Fulton board gets new chair as Georgia reviews its elections

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FILE – In this Jan. 5, 2021 file photo, Fulton County Georgia elections workers process absentee ballots for the Senate runoff election in Atlanta. The Georgia State Board of Elections plans to appoint a review panel this week as part of a process that could lead to a takeover of elections in the state’s most populous county under a provision in the state’s sweeping new election law. Republican lawmakers cited the new law when they asked the state board last month to appoint the performance review board to investigate Fulton County’s handling of elections. The board plans to appoint the panel during its meeting Wednesday, Aug. 18, 2021. (AP Photo/Ben Gray, File)

ATLANTA (AP) — Commissioners in Georgia’s Fulton County have picked a former Atlanta City Council president to lead their election board as a state panel reviews how elections are conducted in Georgia’s most populous county.

The Fulton County Board of Commissioners voted Wednesday to appoint Cathy Woolard to chair the five-person county Board of Registration and Elections. Her nomination by Board of Commissioners Chair Robb Pitts succeeded despite condemnation of the choice by Secretary of State Brad Raffensperger, Georgia’s top elections official.

Raffensperger, a Republican facing a primary challenge next year, objected to what he called a “blatantly political appointment” because Woolard had registered earlier this year as a lobbyist for Fair Fight Action, a group started by Stacey Abrams, a Democrat who narrowly lost the race for governor to Republican Brian Kemp in 2018. While she hasn’t said she’s running, she’s widely expected to challenge Kemp to a rematch next year.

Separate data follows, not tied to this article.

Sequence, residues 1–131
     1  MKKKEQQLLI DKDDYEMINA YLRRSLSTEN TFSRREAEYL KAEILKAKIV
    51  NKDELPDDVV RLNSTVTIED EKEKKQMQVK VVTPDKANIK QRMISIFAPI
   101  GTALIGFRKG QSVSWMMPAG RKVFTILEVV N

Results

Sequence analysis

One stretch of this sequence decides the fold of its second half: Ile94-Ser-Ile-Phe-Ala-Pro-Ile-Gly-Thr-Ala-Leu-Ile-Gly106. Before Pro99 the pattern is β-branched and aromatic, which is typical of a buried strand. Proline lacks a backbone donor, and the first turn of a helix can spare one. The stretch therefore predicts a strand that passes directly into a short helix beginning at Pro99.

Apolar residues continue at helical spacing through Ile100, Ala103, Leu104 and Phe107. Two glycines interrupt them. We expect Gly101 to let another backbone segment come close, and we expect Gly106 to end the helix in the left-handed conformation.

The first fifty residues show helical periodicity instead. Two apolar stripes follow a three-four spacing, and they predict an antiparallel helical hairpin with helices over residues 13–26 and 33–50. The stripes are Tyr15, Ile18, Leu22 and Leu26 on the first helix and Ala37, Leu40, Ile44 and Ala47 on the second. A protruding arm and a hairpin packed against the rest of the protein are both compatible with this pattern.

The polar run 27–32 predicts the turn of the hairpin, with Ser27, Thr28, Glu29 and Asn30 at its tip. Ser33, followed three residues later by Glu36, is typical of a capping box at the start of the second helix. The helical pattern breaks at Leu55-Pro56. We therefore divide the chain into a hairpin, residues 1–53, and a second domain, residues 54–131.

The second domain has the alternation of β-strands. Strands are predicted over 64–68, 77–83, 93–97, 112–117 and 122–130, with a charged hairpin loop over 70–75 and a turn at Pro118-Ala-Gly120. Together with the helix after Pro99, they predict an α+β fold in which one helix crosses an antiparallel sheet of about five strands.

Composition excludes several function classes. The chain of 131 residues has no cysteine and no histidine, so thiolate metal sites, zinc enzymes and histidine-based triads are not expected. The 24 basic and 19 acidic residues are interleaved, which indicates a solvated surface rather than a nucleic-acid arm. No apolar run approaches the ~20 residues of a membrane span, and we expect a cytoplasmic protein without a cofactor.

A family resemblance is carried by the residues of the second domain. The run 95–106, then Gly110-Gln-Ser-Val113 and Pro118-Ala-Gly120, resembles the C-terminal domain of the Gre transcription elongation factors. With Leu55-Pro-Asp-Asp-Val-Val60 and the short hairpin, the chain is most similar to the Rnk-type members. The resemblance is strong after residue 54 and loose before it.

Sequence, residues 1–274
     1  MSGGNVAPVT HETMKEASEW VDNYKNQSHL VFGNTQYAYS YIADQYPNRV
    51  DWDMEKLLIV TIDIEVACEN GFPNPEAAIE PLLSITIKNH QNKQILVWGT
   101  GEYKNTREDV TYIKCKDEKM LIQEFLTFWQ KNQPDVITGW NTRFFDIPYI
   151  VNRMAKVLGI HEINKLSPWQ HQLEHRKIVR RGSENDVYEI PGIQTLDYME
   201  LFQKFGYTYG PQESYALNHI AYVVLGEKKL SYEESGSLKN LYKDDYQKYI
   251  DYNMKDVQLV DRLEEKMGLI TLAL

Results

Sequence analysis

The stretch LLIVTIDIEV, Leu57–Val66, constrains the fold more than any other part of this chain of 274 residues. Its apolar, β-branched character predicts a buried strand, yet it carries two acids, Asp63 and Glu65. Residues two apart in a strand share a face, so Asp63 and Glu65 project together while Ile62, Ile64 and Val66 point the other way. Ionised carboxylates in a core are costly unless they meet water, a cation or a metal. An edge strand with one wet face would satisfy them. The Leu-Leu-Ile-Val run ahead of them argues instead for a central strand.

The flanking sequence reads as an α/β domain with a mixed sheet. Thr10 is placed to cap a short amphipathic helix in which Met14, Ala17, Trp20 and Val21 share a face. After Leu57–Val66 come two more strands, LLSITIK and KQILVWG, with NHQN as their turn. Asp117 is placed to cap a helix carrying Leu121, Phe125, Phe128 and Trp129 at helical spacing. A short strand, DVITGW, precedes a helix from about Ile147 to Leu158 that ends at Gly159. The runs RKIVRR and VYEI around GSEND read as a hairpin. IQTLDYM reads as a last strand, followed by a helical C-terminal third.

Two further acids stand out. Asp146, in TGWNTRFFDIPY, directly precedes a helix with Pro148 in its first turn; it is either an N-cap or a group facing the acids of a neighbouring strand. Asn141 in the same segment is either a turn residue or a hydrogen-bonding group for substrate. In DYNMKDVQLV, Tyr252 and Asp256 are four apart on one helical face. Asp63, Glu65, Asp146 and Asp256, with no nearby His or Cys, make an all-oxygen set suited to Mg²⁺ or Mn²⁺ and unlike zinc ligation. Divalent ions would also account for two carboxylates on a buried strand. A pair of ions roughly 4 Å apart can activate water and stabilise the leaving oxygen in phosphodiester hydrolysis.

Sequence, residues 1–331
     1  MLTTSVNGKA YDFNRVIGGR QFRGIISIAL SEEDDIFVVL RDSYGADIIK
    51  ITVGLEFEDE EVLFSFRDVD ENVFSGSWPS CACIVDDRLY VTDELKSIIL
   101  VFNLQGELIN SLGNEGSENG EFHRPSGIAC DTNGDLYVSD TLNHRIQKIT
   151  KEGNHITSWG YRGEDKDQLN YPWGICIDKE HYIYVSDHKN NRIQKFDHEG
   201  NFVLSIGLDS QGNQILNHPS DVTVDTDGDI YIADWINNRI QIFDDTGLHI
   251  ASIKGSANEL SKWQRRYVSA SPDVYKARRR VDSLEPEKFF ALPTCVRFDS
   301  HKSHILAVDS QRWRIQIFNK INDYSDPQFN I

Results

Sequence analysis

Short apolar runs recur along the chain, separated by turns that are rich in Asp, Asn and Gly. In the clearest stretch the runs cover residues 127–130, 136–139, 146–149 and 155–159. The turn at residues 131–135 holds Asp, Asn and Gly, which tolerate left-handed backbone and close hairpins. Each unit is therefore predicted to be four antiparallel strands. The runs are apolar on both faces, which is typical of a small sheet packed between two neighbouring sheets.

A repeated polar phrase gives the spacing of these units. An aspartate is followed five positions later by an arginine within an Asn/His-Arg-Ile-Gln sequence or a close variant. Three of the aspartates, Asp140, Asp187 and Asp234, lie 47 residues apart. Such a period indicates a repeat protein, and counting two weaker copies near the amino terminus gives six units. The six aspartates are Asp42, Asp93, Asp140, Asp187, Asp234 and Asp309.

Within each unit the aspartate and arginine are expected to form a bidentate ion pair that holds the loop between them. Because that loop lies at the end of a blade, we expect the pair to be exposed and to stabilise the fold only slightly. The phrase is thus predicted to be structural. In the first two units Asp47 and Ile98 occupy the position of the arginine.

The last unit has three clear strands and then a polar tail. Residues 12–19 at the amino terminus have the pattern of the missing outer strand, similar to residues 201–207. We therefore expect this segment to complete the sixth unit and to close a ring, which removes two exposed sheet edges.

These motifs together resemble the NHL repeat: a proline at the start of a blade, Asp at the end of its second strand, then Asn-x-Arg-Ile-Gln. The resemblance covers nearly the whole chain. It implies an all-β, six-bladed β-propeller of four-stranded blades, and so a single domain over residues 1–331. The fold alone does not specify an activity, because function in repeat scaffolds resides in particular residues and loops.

“Fulton County needs to think again before appointing someone who is bought and paid for by Stacey Abrams to run elections in Fulton County,” Raffensperger said in a news release Tuesday. He said it would “do incredible damage to the already terrible reputation Fulton has for running elections.”

Raffensperger said in the release that he would seek the removal of the entire county board of elections by invoking a provision in Georgia’s new election law if Woolard is in charge.

Pitts, who has often traded barbs with the secretary of state, said Woolard is a longtime public servant who’s well qualified for the role. He accused Raffensperger of “playing political games.”

“I wish we had a Secretary of State who cared as much about Fulton County’s voters as he did about winning his upcoming primary, but unfortunately we do not,” Pitts said. “Thankfully, here in Fulton County, we now have Ms. Woolard to fill the void where his leadership has failed.”

Fulton County, which is home to about 11% of the state’s electorate, is a Democratic stronghold that includes most of the city of Atlanta. It has a long history of election problems and has been a consistent target for Republicans. After the county’s primary election last year was marred by problems, an independent monitor was appointed as part of a consent order reached with the State Election Board.

That monitor observed Fulton County’s election processes from October through January and wrote that he witnessed “sloppy processes” and “systemic disorganization” but did not see “any illegality, fraud or intentional malfeasance.”

Former President Donald Trump zeroed in on Fulton after narrowly losing Georgia in the November general election, claiming without evidence that fraud in the county aided President Joe Biden’s victory.

The State Election Board last month appointed a three-person review panel to investigate Fulton County’s handling of elections after receiving requests from Republican lawmakers who represent the county. The lawmakers were using a controversial provision of the state’s sweeping new election law that provides a path for a state takeover of elections in a county.

Woolard thanked Pitts and other commissioners for their support after they chose her for the job.

“My experience as a candidate and as presiding officer of the Atlanta City Council gives me perspective and context for the challenges we face as voters and public servants conducting safe and fair elections,” Woolard tweeted. “I look forward to getting started.”

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